Chuckwalla Valley, East of Joshua Tree National Park
One of the chief joys of camping at any season in the California desert is the prevalence of open areas managed by the Bureau of Land Management. Generally, if camping isn't specifically banned on a bit of BLM land, you can usually set up there as long as you stay 300 yards from water sources and don't block roads. In general, it's best to use places that look like people have camped on them before.
There's a lot of qualifying desert east of Joshua Tree that stays fairly warm in winter. If it's colder than you'd like at Corn Springs and you're set for a bit of primitive camping, you might consider heading slightly downhill into the Chuckwalla Valley to get under a bit more of the atmosphere. Chuckwalla Valley is a bit less camping-friendly than it once was, what with industrial-scale solar projects slated for some of the best open-desert campsites in Riverside County, but there are still a few places left in the neighborhood that haven't been fenced off and bulldozed. West of Desert Center between that small town and the edges of Joshua Tree National Park, for instance, you can find a wide spot on a dirt road and pull up among the ironwoods, set up camp, and enjoy a long weekend without seeing another person.
One good spot I've used myself: take the Eagle Mountain Road exit off Interstate 10 and head north for just over two miles. At that point, a well-maintained dirt road, kept up by the Metropolitan Water District, angles off to the left. Turn onto it. The road's the property of the MWD, but they won't chase you away if you behave yourself. Before long as you proceed along the road you'll see the beginnings of an ironwood forest. For about a mile there are a few side roads running off to the left that lead to good, more or less secluded campsites. Pull in and enjoy.
This is desert camping at its most primitive, and you're on your own for amenities. Remember, even in winter you'll need at least a gallon of water per day per person. There's no plumbing out here either, so be prepared to rough it. Most people get by with the old cat hole method. As more people camp in the outback, we may find ourselves having to use more creative methods. You can always check with the local BLM for their advice.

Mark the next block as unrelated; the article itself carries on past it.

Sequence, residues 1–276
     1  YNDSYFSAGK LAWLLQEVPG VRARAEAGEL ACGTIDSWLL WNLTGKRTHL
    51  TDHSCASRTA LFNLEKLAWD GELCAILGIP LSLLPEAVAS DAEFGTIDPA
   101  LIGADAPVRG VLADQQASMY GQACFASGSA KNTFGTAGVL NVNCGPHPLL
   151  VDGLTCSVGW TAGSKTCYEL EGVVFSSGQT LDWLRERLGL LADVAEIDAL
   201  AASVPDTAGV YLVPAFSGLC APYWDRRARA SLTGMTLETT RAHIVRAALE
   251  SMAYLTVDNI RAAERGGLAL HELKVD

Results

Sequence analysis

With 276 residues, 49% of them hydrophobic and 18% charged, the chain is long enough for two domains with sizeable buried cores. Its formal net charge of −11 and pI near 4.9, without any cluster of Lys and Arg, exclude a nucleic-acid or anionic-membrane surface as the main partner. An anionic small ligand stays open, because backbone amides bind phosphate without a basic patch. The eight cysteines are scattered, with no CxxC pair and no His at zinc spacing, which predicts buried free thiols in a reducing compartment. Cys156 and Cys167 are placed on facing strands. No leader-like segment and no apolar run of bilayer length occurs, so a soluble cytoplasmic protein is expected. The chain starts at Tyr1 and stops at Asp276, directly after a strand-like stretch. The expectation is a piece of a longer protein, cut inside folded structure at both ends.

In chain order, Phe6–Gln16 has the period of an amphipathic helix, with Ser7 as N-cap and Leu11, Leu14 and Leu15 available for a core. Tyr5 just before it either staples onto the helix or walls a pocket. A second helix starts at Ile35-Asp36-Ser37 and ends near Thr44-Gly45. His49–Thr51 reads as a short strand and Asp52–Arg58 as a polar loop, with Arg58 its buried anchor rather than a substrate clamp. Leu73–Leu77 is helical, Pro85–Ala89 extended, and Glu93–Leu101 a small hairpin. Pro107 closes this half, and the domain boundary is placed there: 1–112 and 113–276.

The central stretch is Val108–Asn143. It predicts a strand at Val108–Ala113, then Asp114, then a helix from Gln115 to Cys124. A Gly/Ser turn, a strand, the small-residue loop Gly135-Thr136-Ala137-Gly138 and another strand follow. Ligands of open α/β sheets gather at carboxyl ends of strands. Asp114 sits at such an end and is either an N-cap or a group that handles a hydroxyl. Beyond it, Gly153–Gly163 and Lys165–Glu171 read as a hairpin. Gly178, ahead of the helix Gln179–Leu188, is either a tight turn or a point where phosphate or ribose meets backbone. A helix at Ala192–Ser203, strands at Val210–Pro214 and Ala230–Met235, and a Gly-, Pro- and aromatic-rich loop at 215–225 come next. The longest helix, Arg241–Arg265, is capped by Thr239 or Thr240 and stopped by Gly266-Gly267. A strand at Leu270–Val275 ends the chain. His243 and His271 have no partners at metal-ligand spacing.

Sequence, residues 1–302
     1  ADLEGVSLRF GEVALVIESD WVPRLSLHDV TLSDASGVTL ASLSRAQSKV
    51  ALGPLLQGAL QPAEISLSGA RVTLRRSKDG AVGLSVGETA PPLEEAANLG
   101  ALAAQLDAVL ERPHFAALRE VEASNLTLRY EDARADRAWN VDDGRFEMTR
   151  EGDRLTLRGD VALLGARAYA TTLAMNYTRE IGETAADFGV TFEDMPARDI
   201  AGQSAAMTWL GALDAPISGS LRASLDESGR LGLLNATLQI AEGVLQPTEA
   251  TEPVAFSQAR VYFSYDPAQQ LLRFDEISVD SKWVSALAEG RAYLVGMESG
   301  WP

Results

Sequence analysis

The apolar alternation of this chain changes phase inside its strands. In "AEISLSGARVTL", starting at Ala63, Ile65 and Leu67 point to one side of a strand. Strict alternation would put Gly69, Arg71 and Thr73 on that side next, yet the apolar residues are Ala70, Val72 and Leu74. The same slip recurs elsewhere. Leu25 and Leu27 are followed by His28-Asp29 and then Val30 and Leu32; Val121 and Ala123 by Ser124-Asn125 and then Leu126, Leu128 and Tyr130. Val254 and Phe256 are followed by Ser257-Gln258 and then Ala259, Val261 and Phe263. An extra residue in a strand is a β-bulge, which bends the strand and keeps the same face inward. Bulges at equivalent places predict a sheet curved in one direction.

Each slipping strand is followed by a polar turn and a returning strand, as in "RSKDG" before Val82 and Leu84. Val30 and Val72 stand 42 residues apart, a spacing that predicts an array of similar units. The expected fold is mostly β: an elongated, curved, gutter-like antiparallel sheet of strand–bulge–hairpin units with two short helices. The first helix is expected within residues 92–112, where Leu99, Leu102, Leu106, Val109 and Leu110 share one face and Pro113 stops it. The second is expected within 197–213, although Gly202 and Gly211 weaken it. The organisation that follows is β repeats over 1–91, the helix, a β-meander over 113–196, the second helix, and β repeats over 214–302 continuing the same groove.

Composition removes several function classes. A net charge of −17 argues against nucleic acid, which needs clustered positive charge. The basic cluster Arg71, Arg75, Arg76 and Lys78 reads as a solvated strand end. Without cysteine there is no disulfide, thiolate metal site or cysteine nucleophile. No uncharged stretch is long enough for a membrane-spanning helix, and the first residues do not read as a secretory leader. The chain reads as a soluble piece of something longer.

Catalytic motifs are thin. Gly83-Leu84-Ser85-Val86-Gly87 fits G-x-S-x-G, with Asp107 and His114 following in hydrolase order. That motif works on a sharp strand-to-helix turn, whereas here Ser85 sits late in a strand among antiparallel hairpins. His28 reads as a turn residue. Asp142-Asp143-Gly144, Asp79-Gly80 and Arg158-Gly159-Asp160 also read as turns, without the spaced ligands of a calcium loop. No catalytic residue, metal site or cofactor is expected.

Arlington Mine, Near the Colorado River Valley
As long as we're talking primitive camping, we might as well discuss a truly isolated spot in California's largest ironwood forest. Getting there will not only require a good high-clearance vehicle and enough water and supplies, but a good sense of direction and a better map than we can offer here. Before you visit this campsite get the Blythe and Eagle Mountain maps from the BLM. They're a few dollars each.
The place has no formal name, but it's between the Palen and McCoy mountains west of Blythe. To get there, take the Lovekiln Road exit off I-10 just west of Blythe, then head north on the road -- which will angle northwest and become Midland Road -- for about 16 miles. A dirt road will head off to the left, marked "Arlington Mine Road." Take it. The next 12 miles will put those maps to good use, as Arlington Mine Road is one of a braided chain of roads of use that head off into the desert, and taking your time to make sure you have the right road is well advised. About 11 miles from the pavement Arlington Mine Road will lead you to the north end of the McCoy Mountains, then curve around the range and land in a wash. Beyond the wash you'll absolutely need four-wheel drive, but whether you have 4WD or not the wash isn't a bad place to stop, among a thick linear forest of ironwood trees following the wash.
It's not quite as remote-seeming here as it once was: the Genesis Solar Project is about ten miles south, and it'll provide a source of light at night that may or may not bother you. Still, it's ten miles away and easy to ignore when there's so much close at hand in the ironwood forest to pay attention to. And elevation here is only about 900 feet above sea level, so the night shouldn't be a lot colder than if you'd stayed in Palm Springs.
Borrego Palm Canyon, Anza Borrego Desert State Park
Any list of winter California desert campsites that ignored Anza Borrego Desert State Park would be flawed. The state park, California's largest, enjoys both a low desert setting and southern latitude that offer about as warm a desert camping setting as California can claim. And the Borrego Palm Canyon Campground, just inside the park from the town of Borrego Springs, has over 100 sites, some of them ADA compliant, some of them with hookups, and all of them just a few easy trail miles from California's third-largest native desert fan palm grove.